This weekend, the Trump administration unveiled its plan for Palestine and Israel, known as “The Deal of the Century". Predictably, the plan offers uncritical support for Israel, and most noticeably, does not mention Israel’s military occupation and oppression of the Palestinian people. Instead it focuses on building a Palestinian economy through financial assistance. Palestinians have uniformly rejected this deal as a bribe to forgo their claims to sovereignty, return and the land. The Trump plan is not new. In fact, it echoes the logic that formed the basis of the Oslo Accords, and, going back further, mirrors the tactics that have been used for centuries by colonizing forces.
In the United States for example, the Treaty of Fort Laramie 1868 was the underlying foundation of a 1980 Supreme Court case, United States v. Sioux Nation of Indians, in which the court ruled that tribal lands covered under the treaty had been illegally annexed by the US government, and the tribe was owed payment for the land plus interest. As of today, this payment, held in escrow, is worth more than $1.3 billion. The Sioux have refused to accept the money, demanding instead the return of their land.
Palestinians today reject the Trump Plan and the Bahrain economic workshop as part of a long history of indigenous struggle to stay on the land.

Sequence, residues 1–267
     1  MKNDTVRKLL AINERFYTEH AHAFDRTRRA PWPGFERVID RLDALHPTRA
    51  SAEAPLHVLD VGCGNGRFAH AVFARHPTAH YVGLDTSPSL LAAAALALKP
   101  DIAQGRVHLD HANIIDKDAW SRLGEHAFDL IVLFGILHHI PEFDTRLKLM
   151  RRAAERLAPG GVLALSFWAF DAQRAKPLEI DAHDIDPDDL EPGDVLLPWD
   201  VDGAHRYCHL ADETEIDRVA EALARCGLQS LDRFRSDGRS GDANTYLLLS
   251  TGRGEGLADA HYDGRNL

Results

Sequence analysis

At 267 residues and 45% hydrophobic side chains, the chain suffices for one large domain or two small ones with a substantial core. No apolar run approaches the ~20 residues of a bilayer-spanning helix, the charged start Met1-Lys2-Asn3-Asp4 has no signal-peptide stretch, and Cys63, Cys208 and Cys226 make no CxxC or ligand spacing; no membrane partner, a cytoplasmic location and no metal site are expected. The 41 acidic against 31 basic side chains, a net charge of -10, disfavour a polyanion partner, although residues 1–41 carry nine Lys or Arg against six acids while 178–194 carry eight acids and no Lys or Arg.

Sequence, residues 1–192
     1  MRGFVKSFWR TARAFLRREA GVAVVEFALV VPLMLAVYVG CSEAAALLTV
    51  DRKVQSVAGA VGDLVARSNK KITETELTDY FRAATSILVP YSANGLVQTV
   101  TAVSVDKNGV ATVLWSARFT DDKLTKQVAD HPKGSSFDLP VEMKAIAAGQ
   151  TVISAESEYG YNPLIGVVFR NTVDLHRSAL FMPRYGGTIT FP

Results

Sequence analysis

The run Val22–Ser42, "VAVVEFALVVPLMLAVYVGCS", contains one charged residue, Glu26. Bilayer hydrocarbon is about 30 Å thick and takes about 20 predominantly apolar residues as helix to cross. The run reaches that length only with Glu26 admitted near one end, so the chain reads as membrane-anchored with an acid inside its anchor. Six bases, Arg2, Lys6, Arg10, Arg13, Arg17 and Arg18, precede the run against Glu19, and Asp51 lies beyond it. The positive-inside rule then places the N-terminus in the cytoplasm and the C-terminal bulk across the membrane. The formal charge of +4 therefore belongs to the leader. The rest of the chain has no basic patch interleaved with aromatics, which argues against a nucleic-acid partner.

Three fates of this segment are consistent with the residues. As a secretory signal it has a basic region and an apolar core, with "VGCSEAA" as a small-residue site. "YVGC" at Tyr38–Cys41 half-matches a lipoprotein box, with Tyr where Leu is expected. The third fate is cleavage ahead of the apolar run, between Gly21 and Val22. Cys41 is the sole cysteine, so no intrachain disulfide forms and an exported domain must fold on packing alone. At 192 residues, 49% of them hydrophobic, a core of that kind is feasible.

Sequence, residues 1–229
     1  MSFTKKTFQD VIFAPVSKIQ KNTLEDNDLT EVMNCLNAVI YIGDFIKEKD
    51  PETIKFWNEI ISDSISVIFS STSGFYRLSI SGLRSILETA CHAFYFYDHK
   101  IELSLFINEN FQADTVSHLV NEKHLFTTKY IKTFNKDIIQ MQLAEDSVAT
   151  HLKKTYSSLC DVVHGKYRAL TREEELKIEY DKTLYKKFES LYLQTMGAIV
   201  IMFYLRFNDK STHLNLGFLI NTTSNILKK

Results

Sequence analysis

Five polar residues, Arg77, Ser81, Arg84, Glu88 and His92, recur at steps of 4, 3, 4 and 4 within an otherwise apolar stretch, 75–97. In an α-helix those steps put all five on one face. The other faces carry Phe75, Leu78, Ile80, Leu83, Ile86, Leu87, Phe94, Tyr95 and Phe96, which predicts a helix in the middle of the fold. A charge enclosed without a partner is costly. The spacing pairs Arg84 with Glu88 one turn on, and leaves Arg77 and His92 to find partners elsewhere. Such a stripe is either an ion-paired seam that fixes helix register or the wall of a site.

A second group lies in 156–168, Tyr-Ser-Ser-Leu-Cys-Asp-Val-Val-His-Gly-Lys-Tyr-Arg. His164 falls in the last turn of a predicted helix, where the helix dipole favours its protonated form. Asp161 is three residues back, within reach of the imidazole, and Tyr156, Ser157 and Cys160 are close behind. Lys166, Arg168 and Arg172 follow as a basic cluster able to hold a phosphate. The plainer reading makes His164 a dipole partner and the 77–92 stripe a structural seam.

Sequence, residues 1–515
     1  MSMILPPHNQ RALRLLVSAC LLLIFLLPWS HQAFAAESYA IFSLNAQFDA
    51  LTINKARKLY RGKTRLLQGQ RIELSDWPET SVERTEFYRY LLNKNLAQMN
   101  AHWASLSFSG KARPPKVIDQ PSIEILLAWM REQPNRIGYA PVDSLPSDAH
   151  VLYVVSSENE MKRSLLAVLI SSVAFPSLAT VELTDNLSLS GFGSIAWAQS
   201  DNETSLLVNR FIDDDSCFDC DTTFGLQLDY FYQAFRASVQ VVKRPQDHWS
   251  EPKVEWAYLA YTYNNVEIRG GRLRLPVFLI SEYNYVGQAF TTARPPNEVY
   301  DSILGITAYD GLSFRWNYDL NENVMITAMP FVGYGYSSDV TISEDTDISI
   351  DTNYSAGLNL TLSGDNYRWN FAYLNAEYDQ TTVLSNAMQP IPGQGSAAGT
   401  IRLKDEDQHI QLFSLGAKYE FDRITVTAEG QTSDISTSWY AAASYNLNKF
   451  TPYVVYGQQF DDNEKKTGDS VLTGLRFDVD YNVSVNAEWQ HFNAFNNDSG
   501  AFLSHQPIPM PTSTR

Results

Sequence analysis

Both the United States and Israel use legal regimes to deny the rights of indigenous peoples. The parallel mechanisms employed by these regimes, and the shared experiences of the Native communities of Turtle Island (the term native peoples use to refer to North America) and Palestine have connected the indigenous movements for justice, sovereignty, and survival in both contexts.
Our principled struggle against Israeli colonization requires that we Palestinians living in the United States and our allies recognize our complicity in U.S. settler colonialism. The Palestine solidarity movement in the United States must strive to advocate for Palestinians rights in an analysis rooted in an understanding of the continuing settler colonial project here.
nialism. The Palestine solidarity movement in the United States must strive to advocate for Palestinians rights in an analysis rooted in an understanding of the continuing settler colonial project here.
We invite you to explore indigenous history, presence and resistance through these resources:
Whose Land Am I On is an interactive map identifying the lands of native peoples.
The Red Nation is coalition of Native and non-Native activists, educators, students, and community organizers advocating Native liberation.
Our History Is the Future: Standing Rock Versus the Dakota Access Pipeline, and the Long Tradition of Indigenous Resistance (Verso 2019), by Nick Estes, traces traditions of Indigenous resistance that led to the #NoDAPL movement.
Water Protectors Legal Collective provides legal support, advocacy, and knowledge sharing for Indigenous centered and guided environmental and climate justice movement.
Freedom Bound: Resisting Zionism & White Supremacy - From Turtle Island to Palestine
From Standing Rock to Palestine, we remain steadfast and affirm that our lands are not for sale.
In solidarity and with love,